Elevation: 9,942 ft
This peak is not in the book. Thanks to Victor for his contribution on this interesting and remote summit.
Pinyon Peak is a solitary massif in the heart of the Eastern Salmon River Mountains. It is high enough on its own merits but, due to its location on the opposite side of the Loon and Mayfield Creek drainages to the south and southeast, it gains just over 2,002 feet of prominence from its higher 10er neighbors in those directions (Mount Loening, the Tango Peaks, and the Mt. Jordan/The General ridge). USGS Pinyon Peak
The peak has an actively-manned fire lookout at the top, which means it can be accessed via one of two rough, rocky, slow 4WD roads to the top. Both follow FSR-172, which makes a loop from near the Sunbeam Mine to Camp Bradley northwest of Stanley. I’ve personally only driven the Sunbeam side. Leaving ID-75 between Stanley and Challis, it passes the popular Sunbeam mine over Loon Creek Summit, then switchbacks down along Mayfield Creek to the Loon Creek Guard Station and the Diamond D Ranch. The road is good for passenger cars up to this point.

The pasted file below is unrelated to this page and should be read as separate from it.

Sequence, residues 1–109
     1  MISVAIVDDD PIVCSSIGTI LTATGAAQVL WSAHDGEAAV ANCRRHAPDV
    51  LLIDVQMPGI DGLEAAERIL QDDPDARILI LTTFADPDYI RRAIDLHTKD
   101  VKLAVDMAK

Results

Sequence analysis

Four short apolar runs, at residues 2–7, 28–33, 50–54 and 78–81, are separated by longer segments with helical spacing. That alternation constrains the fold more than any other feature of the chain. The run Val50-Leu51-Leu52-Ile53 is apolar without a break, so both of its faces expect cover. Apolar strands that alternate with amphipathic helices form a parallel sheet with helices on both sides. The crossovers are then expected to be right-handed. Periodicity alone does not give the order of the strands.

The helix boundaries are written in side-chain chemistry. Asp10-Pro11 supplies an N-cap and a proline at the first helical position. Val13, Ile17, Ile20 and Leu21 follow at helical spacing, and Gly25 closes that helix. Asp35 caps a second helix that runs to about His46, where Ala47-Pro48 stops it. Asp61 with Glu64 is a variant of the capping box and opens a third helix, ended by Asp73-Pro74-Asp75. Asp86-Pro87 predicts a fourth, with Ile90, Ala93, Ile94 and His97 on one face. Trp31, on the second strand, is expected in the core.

A few miles north of the Guard Station the signed Pinyon Peak Road branches left steeply up a hill and immediately deteriorates. It is a long and rocky climb with several washed out areas to the summit. I was actually stopped by a snowbank in late July less than a mile from the summit. The other approach from the southwest follows Beaver and Feltham Creeks to the summit. I haven’t travelled this road but heard from the ranger that it is just as rough if not rougher than the road from Loon Creek, especially as it traverses over the high ridges.
Due to the presence of the road, Pinyon Peak is probably more often frequented by 4Wheelers and ATVers relative to hikers than climbers. However, the stature of the summit and its views from deep within the heart of the Salmon River Mountains entitle it to a visit, especially if combined with other more noteworthy hikes in the area such as Greylock, The General, Mount Jordan, etc.
A random note: Due to a quirk of geography, Pinyon Peak is actually the proximate parent peak of Sacajawea Peak in Oregon, the highest peak of the Wallowa Mountains and an ultra prominent peak.